Berezovski, T. & Zazkis, R., (2006). Logarithms: Snapshots from two tasks. In Novotna, J., Moraova, H., Kratka, M., Stehlikova, N. (Eds.), Proceedings of the 30th International Conference for Psychology of Mathematics Education, (Vol. 2, pp. 145152). Prague, CZ.
 Berezovski, T. (2006). Manifold nature of logarithms: numbers, operations and functions. In Alatorre, S., Cortina, J.L., Sáiz, M., and Méndez, A.(Eds). Proceedings of the 28th International Conference for Psychology of Mathematics Education  North American Chapter. (Vol.2, pp. 6264). Merida, Mexico.
Books:
 Berezovski, T. (2008). An Inquiry into High School Students' Understanding of Logarithms. VDM Verlag Dr. Mueller e.K., Germany. ISBN10: 3639052412.
Invited & Refereed Conference Presentations:
 Berezovski, T. (2017). "Mathematics with Apparatus: Explorations Into Rhythmic Gymnastics." Joint Mathematics Meetings: American Mathematical Society and Mathematical Association of America. Atlanta, VA.
 Berezovski, T. (2016). “Contextualizing CCSSM in Geometry Course: Innovative Approach, Effectiveness of Fundamental Changes.” Joint Mathematics Meetings: American Mathematical Society and Mathematical Association of America. Seattle, WA.
 Berezovski, T. & Cheng, D. (2016). “Getting on Top of Spinning: Modeling the figure skating in upright spin.” Joint Mathematics Meetings: American Mathematical Society and Mathematical Association of America. Seattle, WA.
 Berezovski, T. & Cheng, D. (2016). "From Content to Context: Mathematics of an Upright Spin in Figure Skating." 10th Annual PAMTE Conference. Shippensburg, PA.
 Berezovski, T. (2015). "Learning and Teaching Mathematical Practices in Geometry: Concept of Area." MCTM 2015 Annual Conference, Baltimore, MD.
 Cheng, D. & Berezovski, T. (2015). "Two Skaters and Several Equations: Modeling Pairs Figure Skating." MCTM 2015 Annual Conference, Baltimore, MD.
 Berezovski, T. & Cheng, D. (2014). “Ice Math: Related Rates and Pairs Figure Skating.” Join Mathematics Meetings: American Mathematical Society and Mathematical Association of America. Baltimore, MD.
 Cheng, D. & Berezovski, T. (2013). “Pairing Mathematics and Figure Skating.” National Council of Teachers of Mathematics Annual Meeting. Denver, CO.
 Berezovski, T., & Cheng, D., (2013). "Using Figure Skating Activities to Develop Middle School Teachers’ Rational Number Sense." Abstracts of Papers Presented to the American Mathematical Society. Vol.34, Num.1, Issue 171, p. 418. AMS.
 Bargiband, J., Bell, S., & Berezovski, T., (2013). "Developing teachers’ flexibility in geometry: Addressing the CCSS Mathematics Objectives." Abstracts of Papers Presented to the American Mathematical Society. Vol.33, Num.1, Issue 167, p. 420. AMS.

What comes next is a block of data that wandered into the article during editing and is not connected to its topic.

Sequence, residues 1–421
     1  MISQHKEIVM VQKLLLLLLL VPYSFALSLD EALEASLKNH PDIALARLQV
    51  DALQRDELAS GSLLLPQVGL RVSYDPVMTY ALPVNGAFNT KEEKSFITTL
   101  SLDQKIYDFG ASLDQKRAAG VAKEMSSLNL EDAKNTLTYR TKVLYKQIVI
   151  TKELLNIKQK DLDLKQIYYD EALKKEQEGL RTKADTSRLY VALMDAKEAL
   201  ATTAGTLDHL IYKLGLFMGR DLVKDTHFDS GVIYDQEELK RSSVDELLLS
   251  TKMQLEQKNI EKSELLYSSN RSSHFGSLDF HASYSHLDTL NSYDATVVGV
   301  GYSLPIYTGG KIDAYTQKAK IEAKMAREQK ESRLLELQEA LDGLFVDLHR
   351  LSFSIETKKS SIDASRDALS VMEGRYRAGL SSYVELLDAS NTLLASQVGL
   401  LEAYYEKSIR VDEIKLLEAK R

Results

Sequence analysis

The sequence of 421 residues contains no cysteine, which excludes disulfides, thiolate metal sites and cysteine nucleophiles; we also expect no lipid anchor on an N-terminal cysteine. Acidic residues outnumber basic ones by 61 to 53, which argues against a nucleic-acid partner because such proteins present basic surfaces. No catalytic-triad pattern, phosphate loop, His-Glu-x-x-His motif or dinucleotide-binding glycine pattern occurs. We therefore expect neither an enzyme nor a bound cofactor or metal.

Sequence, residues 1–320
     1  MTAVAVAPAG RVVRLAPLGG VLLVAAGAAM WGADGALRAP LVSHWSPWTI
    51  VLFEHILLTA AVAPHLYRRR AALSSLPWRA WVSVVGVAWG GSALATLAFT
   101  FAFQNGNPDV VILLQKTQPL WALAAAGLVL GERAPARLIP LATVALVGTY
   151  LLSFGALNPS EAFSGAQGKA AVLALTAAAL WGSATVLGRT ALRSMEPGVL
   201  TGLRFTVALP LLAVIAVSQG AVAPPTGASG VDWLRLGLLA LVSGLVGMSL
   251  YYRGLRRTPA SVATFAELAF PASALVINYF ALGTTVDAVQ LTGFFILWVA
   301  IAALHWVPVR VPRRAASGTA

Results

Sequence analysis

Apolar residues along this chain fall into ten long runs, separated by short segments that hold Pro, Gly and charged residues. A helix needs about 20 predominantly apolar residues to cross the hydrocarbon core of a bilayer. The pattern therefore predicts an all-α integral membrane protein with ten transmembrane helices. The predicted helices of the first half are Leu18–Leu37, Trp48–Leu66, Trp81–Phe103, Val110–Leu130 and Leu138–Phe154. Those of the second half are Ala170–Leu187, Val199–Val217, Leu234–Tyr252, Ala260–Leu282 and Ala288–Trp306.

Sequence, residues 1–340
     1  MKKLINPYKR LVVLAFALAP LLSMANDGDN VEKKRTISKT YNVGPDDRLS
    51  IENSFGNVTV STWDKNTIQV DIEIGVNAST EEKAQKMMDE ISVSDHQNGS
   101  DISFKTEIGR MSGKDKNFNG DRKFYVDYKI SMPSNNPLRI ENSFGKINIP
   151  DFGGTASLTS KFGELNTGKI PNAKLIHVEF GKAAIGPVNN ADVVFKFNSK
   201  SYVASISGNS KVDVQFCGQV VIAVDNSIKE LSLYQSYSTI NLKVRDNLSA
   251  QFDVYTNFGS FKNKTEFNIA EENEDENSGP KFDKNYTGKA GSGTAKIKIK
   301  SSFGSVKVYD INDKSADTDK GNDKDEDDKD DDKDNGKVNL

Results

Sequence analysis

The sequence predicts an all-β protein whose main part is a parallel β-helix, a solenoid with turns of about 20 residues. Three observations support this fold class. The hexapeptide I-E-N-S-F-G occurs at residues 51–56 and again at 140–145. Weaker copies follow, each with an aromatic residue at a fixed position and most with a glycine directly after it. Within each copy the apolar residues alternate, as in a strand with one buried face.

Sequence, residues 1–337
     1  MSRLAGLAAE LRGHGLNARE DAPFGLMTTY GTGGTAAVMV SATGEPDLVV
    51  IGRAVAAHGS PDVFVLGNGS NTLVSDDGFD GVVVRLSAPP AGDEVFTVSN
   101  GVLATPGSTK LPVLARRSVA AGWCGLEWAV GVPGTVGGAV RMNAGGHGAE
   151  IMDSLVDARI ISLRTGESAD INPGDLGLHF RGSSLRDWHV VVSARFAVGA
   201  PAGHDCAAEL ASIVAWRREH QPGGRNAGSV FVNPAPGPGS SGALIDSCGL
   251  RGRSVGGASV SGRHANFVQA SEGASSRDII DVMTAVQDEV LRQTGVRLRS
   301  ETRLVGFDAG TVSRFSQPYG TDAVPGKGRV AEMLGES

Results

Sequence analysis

Berezovski, T., & Cheng, D. (2013). "Figure This: Mathematics and the Winter Olympics' most popular sport." NCTM Regional Conference and Exposition. Baltimore, MD.
 Berezovski, T., (2012). "Concept of Area: From Problem Solving to Proof." 61st Annual Conference of the Pennsylvania Council of Teachers of Mathematics. Harrisburg, PA.
 Berezovski, T., (2012). "Contextualizing Geometry for Teachers: Focusing on the Specialized Content Knowledge." Wright State University, Dayton, OH.
 Berezovski, T., (2012). "Developing teachers’ flexibility in geometry: Addressing the CCSS Mathematics Objectives." Abstracts of Papers Presented to the American Mathematical Society. Vol.33, Num.1, Issue 167, p. 420. AMS.
 Berezovski, T. & Gaspich, T., (2012). "Using Dynamic Geometry Software to Foster Students’ Understanding of Vectors." Abstracts of Papers Presented to the American Mathematical Society. Vol.33, Num.1, Issue 167, p. 426. AMS.
 Berezovski, T., (2012). "Solving ‘Area’ Problems in Geometry: connecting SMP with SMC." American Mathematics Teacher Educators annual meeting. Fort Worth, TX.
 Berezovski, T. (2011). "Innovative methodologies: the study of preservice secondary mathematics teachers’ knowledge." Mathematical Science Seminar, Montclair University. Montclair, NJ.
 Berezovski, T. & Sosa, T. (2009). "Visualization of One’s Own Teaching as a Domain of Professional Growth: The Case of Pedagogical Practices of Mathematics Teachers." P12 sTEm Research Brown Bag luch series, College of Technology, Perdue University, West Lafayette, IN.
 MilnerBolotin, M., Antimirova, T., Andriati, R., & Berezovski, T. (2009). "Technology as a Lens for Examining Instructor’s Pedagogical Content Knowledge." Paper presented at the Physics Education Research Conference. Ann Arbor, MI. July 2009.
 Bogomolny, M. & Berezovski, T. (2007). "Reaching for Understanding with ExampleGeneration Tasks." Annual Conference on Research in Undergraduate Mathematics Education, San Diego, CA.
 Berezovski, T. (2006). "On transcendental numbers: teachers’ understanding and their practices." Conference of the Special Interest Group of the MAA on Research in Undergraduate Mathematics Education. Piscataway, NJ.
 Berezovski, T. (2006). "Students, Teachers, Logarithms and I." In P. Liljedahl (ed.) Canadian Mathematics Education Study Group. (p.135). Calgary, AB, Canada.

 Spring 2015: Sabbatical
 2009 2014: CoPI with Dr. Fillebrown (PI), Dr. Snetslaar (CoPI), Dr. Clapper (CoPI), Dr. McCann (CoPI)
 Enchancing the 5 YR Math and Science Education Programs at SJU (NSF, $748,182.00)
 2012 – 2013: Principal Investigator
 Philadelphia STEM Teacher Fellow Program for High School Mathematics Teachers (SJU subaward of Mathematics and Science Partnership grant with Philadelphia School District, Pennsylvania State Department of Education, $176,825.00)
 2011 – 2012: Principal Investigator